Early on Friday the 3rd August 2007, a Porsche Cayenne S entered by Porsche Cars Great Britain started the first stage on one of the longest motorsport events in the world – the Transsyberia Rallye.
Crossing the starting line in Red Square, in the Russian capital of Moscow, the British team of journalist, Richard Meaden, and Porsche instructor, Neil Hopkinson, began what will be a monumental journey through the largest country on earth to the finish 14 days and 4,412 miles later in the Mongolian capital, Ulaanbaatar, on 17 August.
Over the course of the rallye, teams will drive between these two cities and have to navigate the Ural and Altai Mountain ranges and the infamous Gobi desert. Special stages during the rallye will encompass both tarmac and gravel surfaces, as well as sand and off-road driving, while the weather will also take its toll with every likelihood of flooded river crossings, high-altitude snow blizzards and scorching sand storms being encountered.
The sheer variety of terrain and climate that drivers will experience during the rallye presents a formidable challenge and, in response to this, Porsche has developed a specially modified version of the Cayenne S.
The driver-oriented chassis of the Porsche Cayenne has been designed to combine sports car handling on the road with the added versatility of extreme agility off-road. The recently-introduced second generation Cayenne moves this benchmark to an even higher standard. New power units with direct petrol injection, for example, provide more power and performance on less fuel, cutting fuel consumption by up to 15 per cent versus the former models. Another highlight is the new Porsche Dynamic Chassis Control (PDCC) featuring two active anti-roll bars to almost completely eliminate body sway when cornering. The PDCC also delivers maximum axle articulation when driving off-road, serving to further improve the already superior traction offered by the electronically-controlled Porsche Traction Management (PTM) all-wheel drive transmission.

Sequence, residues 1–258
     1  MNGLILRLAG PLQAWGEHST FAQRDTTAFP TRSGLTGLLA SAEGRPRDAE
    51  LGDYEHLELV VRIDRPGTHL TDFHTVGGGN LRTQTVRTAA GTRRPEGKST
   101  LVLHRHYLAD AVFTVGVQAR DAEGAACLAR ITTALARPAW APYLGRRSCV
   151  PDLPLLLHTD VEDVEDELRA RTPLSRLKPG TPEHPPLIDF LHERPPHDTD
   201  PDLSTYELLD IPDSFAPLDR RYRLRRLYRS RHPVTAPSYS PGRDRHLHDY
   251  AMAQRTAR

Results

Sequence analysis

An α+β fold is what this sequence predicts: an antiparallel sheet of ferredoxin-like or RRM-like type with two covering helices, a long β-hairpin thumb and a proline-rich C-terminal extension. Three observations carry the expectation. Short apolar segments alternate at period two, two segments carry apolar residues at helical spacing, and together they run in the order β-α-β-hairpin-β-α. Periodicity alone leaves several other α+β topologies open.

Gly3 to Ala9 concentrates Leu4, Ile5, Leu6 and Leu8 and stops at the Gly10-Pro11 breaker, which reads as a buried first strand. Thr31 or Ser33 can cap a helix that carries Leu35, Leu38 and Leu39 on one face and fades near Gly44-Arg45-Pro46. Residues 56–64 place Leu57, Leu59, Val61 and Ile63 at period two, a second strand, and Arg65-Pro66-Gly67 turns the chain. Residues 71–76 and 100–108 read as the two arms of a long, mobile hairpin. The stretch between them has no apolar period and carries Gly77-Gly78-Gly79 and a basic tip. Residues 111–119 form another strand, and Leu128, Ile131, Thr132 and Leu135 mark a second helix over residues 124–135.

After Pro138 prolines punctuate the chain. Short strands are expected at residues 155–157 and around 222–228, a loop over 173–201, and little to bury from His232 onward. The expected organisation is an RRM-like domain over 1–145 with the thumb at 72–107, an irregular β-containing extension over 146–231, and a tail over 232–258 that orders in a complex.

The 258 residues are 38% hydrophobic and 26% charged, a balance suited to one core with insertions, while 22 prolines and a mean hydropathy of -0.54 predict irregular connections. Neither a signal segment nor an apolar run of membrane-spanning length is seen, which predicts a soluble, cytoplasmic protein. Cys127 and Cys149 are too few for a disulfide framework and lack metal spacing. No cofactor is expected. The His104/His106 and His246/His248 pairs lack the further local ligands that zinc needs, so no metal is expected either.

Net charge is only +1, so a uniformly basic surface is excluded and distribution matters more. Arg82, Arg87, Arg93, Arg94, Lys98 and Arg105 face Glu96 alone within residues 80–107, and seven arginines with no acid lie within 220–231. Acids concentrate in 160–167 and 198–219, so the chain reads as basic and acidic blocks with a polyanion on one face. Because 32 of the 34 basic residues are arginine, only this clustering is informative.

The Porsche Cayenne S Transsyberia model epitomises this breadth of ability. Built in a small series of just 26 units, each car comes with a variety of modifications including specific all-terrain tyres, a safety roll cage, a shorter transmission final drive ratio, a transverse differential lock, a larger reinforced underbody skidplate, and strengthened track control arms on the front axle. At 385bhp (283kW), output of the 4.8-litre eight-cylinder petrol engine remains unchanged.
In total, 35 teams from 17 nations will be competing against Richard and Neil for the coveted prize of being the fastest to reach the chequered flag in Mongolia.
Richard Meaden (Titchmarsh, Northamptonshire, UK) is a highly-regarded British motoring writer and one of the founding members of the team that created EVO magazine. He has a broad experience of all forms of motorsport and, in 2007 alone, he has already competed in the Nurburgring 24 Hour race and the world-famous Pikes Peak International Hill Climb in the USA.
Richard commented; “It is an amazing route and it will be a truly memorable experience to compete in a long distance rallye like the Transsyberia. The length of the daily stages is quite staggering with over 600 miles being covered on some days.”
Neil Hopkinson (Lutterworth, Leicestershire, UK) is a Porsche instructor, off-road driving expert and expedition organiser. “The Cayenne S is already a very accomplished car on- and off-road, but with the further modifications Porsche has added for the Transsyberia edition, it is well-prepared for the extreme conditions we’ll have to contend with when driving through the Russian and Mongolian wilderness,” said Neil.
Richard and Neil’s progress can be followed on the www.transsyberia-rallye.com website with daily pictures and video webcasts.Published 6 August 2007